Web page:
The Inverse Interview

Star Trek's Most Shocking New Character Could Change Canon — If She Wants To

In Strange New Worlds Season 2, Carol Kane’s Pelia has a big secret — and the Trek timeline will never be the same.

The Inverse Interview
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Comedy legend Carol Kane never expected to get the call to be in Star Trek. But, as revealed in the season 2 premiere of Strange New Worlds“The Broken Circle”her character, Pelia, has suddenly cemented herself into the franchise for a very, very long time.

Here’s what Carol Kane says about getting part of the latest Enterprise Chief Engineer, what she added to the role, and why she never even realized the implications of the character’s backstory. Spoilers ahead for Strange New Worlds, “The Broken Circle.”

Carol Kane as Pelia in Star Trek: Strange New Worlds.


“Okay, so I didn’t audition,” Carol Kane tells Inverse. “I was called. And I was shocked. I was stunned. Never in my life did I imagine myself on Star Trek.” In the context of the show, the famous actress — whether you remember her from The Princess Bride or Kimmy Schmidt — brings charming off-kilter energy to the Trek ethos, in a way no character has done before.

But, she oddly has big Starfleet boots to fill. Following the death of Chief Engineer Hemmer (Bruce Horak) in Season 1, the Enterprise needs a new person to watch over the warp engines — and the time of Scotty is not yet upon us. Enter, Pelia, a woman who appears human, but is really a centuries-old Lanthanite. After Uhura (Celia Rose Gooding) identifies the accent, Spock and the crew realize the new ad-hoc Chief Engineer of the Enterprise possesses memories of Starfleet that predate all their lives and the Federation itself. And when faced with the prospect of helping Spock (Ethan Peck) steal the Enterprise, Pelia is hilariously ecstatic.

Kane plays all of this with flourishes of whimsical, absent-minded indifference, which, might be because her Star Trek knowledge was close to zero when she was hired.

“I must admit — and I told the writers and producers right away that I really hadn't seen any Star Trek,” Kane says frankly. “But they kinda liked that idea! They liked the fact that I was coming to it fresh and now, and I like it too. I'm certain I'm learning. The jargon is not easy. It’s good for the brain because it's like a crossword puzzle in some ways.”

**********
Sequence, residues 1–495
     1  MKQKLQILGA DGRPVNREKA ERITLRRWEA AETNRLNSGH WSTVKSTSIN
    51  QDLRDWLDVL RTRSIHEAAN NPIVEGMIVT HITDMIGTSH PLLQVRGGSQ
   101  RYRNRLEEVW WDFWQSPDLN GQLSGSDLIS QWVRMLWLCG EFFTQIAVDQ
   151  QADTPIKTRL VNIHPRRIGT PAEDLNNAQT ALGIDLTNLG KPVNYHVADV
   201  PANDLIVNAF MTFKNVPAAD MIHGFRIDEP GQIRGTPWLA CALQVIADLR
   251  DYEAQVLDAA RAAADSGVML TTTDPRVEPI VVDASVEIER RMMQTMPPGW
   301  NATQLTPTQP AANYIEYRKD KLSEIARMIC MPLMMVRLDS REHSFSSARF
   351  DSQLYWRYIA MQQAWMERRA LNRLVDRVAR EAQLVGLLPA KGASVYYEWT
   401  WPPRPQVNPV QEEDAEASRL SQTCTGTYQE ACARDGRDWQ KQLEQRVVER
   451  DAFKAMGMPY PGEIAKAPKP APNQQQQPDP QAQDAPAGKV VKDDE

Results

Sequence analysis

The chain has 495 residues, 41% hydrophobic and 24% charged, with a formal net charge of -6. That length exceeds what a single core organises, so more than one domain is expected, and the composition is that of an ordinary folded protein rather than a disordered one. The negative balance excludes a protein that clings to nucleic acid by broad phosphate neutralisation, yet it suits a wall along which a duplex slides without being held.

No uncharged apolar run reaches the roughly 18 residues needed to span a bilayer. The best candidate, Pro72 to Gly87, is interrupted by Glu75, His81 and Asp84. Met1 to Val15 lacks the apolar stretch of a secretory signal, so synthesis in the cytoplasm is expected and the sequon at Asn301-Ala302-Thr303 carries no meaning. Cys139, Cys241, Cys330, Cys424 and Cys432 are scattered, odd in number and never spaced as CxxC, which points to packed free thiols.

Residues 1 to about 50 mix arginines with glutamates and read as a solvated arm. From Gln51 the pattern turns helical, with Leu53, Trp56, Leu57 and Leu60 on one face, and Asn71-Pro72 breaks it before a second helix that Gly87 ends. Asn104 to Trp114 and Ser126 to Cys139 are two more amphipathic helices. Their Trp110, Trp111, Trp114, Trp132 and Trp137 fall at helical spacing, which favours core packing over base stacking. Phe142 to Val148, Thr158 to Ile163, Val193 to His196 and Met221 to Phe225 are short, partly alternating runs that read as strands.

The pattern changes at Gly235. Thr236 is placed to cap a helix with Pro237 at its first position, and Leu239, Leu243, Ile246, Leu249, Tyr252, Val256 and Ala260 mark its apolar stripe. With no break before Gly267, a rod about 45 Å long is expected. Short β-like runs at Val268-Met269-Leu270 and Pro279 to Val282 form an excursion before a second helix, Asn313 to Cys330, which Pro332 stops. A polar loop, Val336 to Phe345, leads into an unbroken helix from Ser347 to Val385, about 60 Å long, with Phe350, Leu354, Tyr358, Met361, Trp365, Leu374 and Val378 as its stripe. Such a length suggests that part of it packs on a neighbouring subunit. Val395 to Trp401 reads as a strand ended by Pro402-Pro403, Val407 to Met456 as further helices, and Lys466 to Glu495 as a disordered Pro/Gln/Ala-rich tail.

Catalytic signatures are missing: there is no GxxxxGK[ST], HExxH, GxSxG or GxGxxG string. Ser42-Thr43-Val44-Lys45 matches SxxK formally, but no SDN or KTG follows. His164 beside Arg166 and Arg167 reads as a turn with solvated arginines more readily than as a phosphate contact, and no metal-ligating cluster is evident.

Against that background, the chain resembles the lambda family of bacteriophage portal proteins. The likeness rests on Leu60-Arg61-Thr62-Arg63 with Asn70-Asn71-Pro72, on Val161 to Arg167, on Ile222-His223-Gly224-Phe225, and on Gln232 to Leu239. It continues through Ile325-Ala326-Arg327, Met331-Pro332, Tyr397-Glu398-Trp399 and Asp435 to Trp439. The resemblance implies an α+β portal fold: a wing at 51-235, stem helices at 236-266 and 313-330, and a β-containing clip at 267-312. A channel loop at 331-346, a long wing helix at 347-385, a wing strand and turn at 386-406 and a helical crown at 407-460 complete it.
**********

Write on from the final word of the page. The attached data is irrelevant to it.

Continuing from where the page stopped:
Pelia’s species revealed, in Strange New Worlds.


Although Kane maintains much of the character’s quirkiness was simply written that way by the Strange New Worlds team, she did convince showrunners Akiva Goldsman and Henry Alonso Myers to let her give Pelia a unique accent. And it’s this accent which tips off Uhura about her true identity as a hitherto undisclosed nearly immortal alien race.

“I'm so grateful to them for allowing me to do it because it was a leap for them,” Kane reveals. “The accent. That wasn’t written. But they said, ‘Go ahead.’ It frees me up a lot and they could have gone much safer and just said, no. And that would've been okay, but it wouldn't have been nearly as much fun for me. And therefore, not nearly as much fun for the audience, I think.”

For fans who are thinking about how Strange New Worlds fits into the larger timeline of the entire canvas of the whole Star Trek story, Pelia is something of a game-changer. Because she’s been alive for hundreds of years, it means she’s suddenly in the backstory of Enterprise, but, also, that she could potentially be around in any Trek series, at any time. Is Pelia alive in Picard’s time? What about Discovery’s 32nd century? Could Carol Kane now become one of a handful of characters who could appear in any Star Trek, forever? Would she be up for those crossovers?

“Oh, I hadn't thought about that!” Kane says with glee. “But, I love the idea. That's fantastic.”

Star Trek: Strange New Worlds is streaming on Paramount+.

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